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  • Love Art House
  • Emmie
  • Todd Tyrtle
  • Alessandra Rizzotti

"Just do it?" Maybe not if you're an introvert

Idealist

Many people—usually extroverts—believe the introvert’s love of thinking means we’re not doers. So we try to counter that false perception by acting before we’re ready. The result? Instead of letting our ideas develop, we become obsessed with how they’ll fit into a spreadsheet.

We end up stuck, lacking inspiration, and being overwhelmed—all red flags that we're not honoring our need to think before we act.

Read on for a few ways in-our-heads introverts can balance the being with the doing.

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  • Todd Tyrtle

    I'm definitely an introvert. On Myers-Briggs tests I tend to come out as strong an introvert as one can possibly be. And I have to say that for most of my life the *thinking* part has been my biggest enemy. I'd have an idea, think it through a bunch of times and come up with so many imaginary ways for it to fail or be useless, I wouldn't do it.

    It took me YEARS to get it that that was happening. I was stuck because I was either finding a way my idea sucked, or had already concluded it. I had no inspiration because I shut down inspiring ideas before they were even born. If I did get a little further down in the process of developing my idea, I'd think it through so much that I'd be overwhelmed at all that I had to do to be sure it worked perfectly.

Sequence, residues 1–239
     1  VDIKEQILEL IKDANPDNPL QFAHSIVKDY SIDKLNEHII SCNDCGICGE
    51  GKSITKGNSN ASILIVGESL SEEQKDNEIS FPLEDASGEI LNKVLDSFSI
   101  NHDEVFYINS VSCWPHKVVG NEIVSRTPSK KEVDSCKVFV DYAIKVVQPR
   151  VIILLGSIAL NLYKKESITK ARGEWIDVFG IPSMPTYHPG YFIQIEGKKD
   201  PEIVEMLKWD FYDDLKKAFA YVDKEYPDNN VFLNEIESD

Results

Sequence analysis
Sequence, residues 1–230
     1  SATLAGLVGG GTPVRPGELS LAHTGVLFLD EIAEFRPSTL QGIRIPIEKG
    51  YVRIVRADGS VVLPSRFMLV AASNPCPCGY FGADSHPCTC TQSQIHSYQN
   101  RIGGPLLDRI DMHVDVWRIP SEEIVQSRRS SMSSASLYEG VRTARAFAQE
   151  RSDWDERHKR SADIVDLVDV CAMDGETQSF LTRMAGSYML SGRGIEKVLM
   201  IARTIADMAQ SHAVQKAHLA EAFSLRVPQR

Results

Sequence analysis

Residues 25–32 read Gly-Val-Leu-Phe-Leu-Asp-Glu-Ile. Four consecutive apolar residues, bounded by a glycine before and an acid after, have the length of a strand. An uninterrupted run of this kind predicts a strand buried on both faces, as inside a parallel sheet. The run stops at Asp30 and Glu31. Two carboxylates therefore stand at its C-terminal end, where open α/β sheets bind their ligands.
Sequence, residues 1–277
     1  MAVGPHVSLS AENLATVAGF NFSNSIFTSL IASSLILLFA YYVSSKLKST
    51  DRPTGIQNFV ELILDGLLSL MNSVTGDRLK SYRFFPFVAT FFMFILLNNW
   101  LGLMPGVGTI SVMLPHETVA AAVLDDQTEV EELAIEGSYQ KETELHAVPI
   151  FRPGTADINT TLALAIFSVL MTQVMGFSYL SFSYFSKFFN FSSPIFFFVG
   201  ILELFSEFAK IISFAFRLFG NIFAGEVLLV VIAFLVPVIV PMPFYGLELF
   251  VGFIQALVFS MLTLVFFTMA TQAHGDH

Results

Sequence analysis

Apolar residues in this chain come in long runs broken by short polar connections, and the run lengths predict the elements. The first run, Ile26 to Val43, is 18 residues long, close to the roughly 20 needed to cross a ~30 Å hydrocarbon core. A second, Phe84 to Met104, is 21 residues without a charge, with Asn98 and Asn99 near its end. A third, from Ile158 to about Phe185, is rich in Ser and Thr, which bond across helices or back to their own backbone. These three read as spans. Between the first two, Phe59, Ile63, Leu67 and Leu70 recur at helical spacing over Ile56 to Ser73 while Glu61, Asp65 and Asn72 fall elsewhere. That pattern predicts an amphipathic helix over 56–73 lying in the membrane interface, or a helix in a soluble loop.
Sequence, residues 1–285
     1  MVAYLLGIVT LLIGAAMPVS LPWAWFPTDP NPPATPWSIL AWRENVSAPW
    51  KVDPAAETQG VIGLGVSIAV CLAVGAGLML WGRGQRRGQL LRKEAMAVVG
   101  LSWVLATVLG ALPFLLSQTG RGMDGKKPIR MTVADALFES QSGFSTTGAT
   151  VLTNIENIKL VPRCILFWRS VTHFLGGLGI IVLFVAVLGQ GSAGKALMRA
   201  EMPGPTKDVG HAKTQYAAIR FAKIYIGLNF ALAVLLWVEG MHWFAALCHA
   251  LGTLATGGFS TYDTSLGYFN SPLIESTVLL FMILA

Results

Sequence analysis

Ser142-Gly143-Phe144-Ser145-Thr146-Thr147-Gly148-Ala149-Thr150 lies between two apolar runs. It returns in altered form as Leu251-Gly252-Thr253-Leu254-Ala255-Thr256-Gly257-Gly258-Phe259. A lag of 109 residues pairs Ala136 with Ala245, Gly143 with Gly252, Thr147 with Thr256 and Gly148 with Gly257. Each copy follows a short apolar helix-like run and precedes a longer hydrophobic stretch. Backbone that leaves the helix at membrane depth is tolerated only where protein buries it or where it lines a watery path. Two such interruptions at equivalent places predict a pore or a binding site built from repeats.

A few things changed. A personal crisis, some improv classes, and eventually some successful implementation of ideas and I work with my ideas completely differently. I still am an introvert. You wont see me at a party, and if I've been out in a loud social situation, you'll probably find me in a comfy chair with a good book later, recharging. But when it comes to ideas I just go for it. The idea comes, and I run with it. I still let myself think, but the thinking comes *while* I'm making the idea happen. Do some ideas never fully come to fruition because I didn't think something through? Absolutely. Or they change, or they happen later. But for me the important thing is to NOT succumb to the urge to think things through. Do I think that a month-long bike trip with my teenage son on a tandem bicycle would be a good idea? Sure. Oh wait, we need a bike. And to train. And gear. And how do you even GET from Toronto to New York City? Ten years ago I would've sat quietly at my desk trying to answer all of these questions, decided that "HOLY COW! What happens if the bike BREAKS in the middle of rural Ontario?" and cancel the entire thing. In the end, I decided to do that trip as soon as the idea came to me. The details came to me later, and it was one of the best experiences of my life. Why would I want to think my way out of another experience like that?

    So, at least for this introvert, thinking before I act is the enemy of doing interesting things.

    • April Greene

      So glad you wrote, Todd! I'm a strong extrovert myself, but have many introvert friends. Reading articulate descriptions—like yours here—of how our thought processes can differ really helps me understand them better and gets me to appreciate our different approaches. Thanks again for sharing (and glad to hear you've found a route to taking action that works for you)!